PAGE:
And I can breathe again. Because I am no longer AFRAID. For Them or Myself.

The magic happened. The miracle happened. It took years of hard, blood, sweat and tears to get here. But with perseverance, one day at a time, we all made it safely over the water.

I can’t tell you where you are going, but I can show you where I walked, and how this all works, and tell you that, you just have to start with one step. Or step one.

I’m an alcoholic and I am powerless over alcohol, and my life is unmanageable.

I find great strength in saying that turning my life over, having constant direction, as I needed it, when I needed it, on a daily basis, helped me build the life I inhabit today.

By the grace of God and the fellowship, I have everything I ever needed, and not a drop more. My cup is full and I am grateful for small mercies. And miracles.

I have a life beyond my wildest dreams.

I never imagined that this was possible, because, all those years ago, I was at day one, with nothing to call my own. Today I have a home and love and good friends, and the love of a child in my life.

My heart overflows.

Fear has no room to live when our lives are full of love and goodness to overflowing.

When we are not plying our bodies and minds with drugs and alcohol, anything is possible, if we just Re-Orient, and begin to build that life we were meant to live.

I have a life, because I am no longer afraid …

God has done for me, what I could not do for myself.

Gratitude overflows …


Thursday: I’m Going to New Foundland !

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I am seriously hoping for Icebergs …

This is the year, we all make serious strides in life. The Promises have materialized for many people, all at the same time. I helped to keep my friends “on the beam” while we traveled through “Ambiguity.” Tonight, I can say that we’ve all crossed a new threshold in sobriety, across the board.

Today I did something I have never done before. I booked a ticket to St. John’s New Foundland for Easter weekend. Traveling to St. John’s is not cheap, but since we crossed another threshold at home, I was able to make good on my relationship with Mama and Lu.

I had schemed in my head, what I really wanted to do for this trip. I was not going to tell anyone I was making the trip, and wait until the week “OF” to tell mom that I was coming and not to tell Mama.

Hubby said to me that might not be a good idea, so I slept on it over night, and this morning I called mom to tell her what I was planning to do, and she told me that I should call Mama and tell her.

I waited all day to make one phone call …

I leave on the 13th of April, and spend 4 days in St. John’s and I return on the 17th. This is the farthest East I have traveled in Canada. In my first year sober, we took a road trip to Halifax, driving the 18 hours each way. This time I am doing it right.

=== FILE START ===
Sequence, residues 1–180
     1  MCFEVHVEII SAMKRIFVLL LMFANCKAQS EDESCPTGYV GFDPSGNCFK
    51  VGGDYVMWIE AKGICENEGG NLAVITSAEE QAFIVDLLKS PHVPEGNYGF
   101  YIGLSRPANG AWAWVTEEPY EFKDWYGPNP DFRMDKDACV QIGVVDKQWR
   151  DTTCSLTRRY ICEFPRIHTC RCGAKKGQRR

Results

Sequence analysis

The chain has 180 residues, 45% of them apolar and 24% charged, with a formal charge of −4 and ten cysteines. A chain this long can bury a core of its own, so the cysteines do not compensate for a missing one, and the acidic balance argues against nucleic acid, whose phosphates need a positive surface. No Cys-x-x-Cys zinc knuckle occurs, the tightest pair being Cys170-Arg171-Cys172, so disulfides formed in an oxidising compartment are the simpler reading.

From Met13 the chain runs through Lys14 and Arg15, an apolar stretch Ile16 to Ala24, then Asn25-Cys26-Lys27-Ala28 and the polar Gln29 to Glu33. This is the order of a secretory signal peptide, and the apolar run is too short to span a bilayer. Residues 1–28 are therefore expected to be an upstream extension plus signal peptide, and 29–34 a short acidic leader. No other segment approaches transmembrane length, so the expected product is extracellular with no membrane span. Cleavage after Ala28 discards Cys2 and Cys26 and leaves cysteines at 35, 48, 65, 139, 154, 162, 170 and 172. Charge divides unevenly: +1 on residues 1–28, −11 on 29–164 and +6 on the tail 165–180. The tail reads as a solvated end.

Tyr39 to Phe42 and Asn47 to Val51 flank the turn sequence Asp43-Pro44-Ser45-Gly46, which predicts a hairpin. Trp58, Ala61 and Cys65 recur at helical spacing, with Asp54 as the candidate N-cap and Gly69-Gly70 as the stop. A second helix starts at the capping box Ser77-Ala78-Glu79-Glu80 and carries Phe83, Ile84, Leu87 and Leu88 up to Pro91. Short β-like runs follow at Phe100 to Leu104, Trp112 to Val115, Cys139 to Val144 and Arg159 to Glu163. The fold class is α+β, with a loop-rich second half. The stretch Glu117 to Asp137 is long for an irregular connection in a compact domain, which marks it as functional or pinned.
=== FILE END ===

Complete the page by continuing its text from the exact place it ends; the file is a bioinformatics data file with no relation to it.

Almost three years ago, I made a decision to invest in Mama and Lu, before Lu even entered the world. It all began with a single phone call. My relationship with Mama and Lu is the most important relationship I have with any of my friends, because Lu is part of my life.

Lu’s biological father wanted Mama to abort Lu when she was pregnant and to this day wants nothing to do with Lu at all. He’s just a big horses ass. Who takes no responsibility for the fact that he fathered a child, and is out of sight and out of mind ever since Lu was born. Aside from Grand pa, I am the only OTHER MAN in her life today.

I helped raise Lu for the first two years of her life while they lived here, but like all good things, they come to an end, and mama returned to family in New Foundland.

I may not be her biological father, but I am part of her daily life. I participate in the parenting process from far away, on a daily basis. And not long ago, I was on the phone with Lu and she tossed another new word at me … She calls me Daddy …

I remember the night she said my name for the first time. Now I have a new day to remember, the day she started calling me Daddy.

I sent Christmas to St. John’s in December. I am bringing Easter with me in April.

Sobriety gives us so many good things once we put down the drink (and the drugs).

Many people think, when they finally stop that life is going to end if they cannot drink and party like they used to and that sobriety is going to be absolutely BORING !!!

I can tell you, categorically, that that is NOT the case at all.

Our speaker tonight tells the story about socializing with old friends (today) in sobriety. She might be sober and does not drink, her friends though, can’t drink like they used to because they are much older, and CANNOT BOUNCE BACK LIKE THEY USED TO …

Life gets real, when we start to age …

I don’t think I would have made it to this point, had I kept drinking.

I am very happy for my guys and their gals.

One couple has crossed the Financial Insecurity Promise. The other couple, we are planning a wedding and costing a honeymoon for next Spring. And we are all working together, soberly.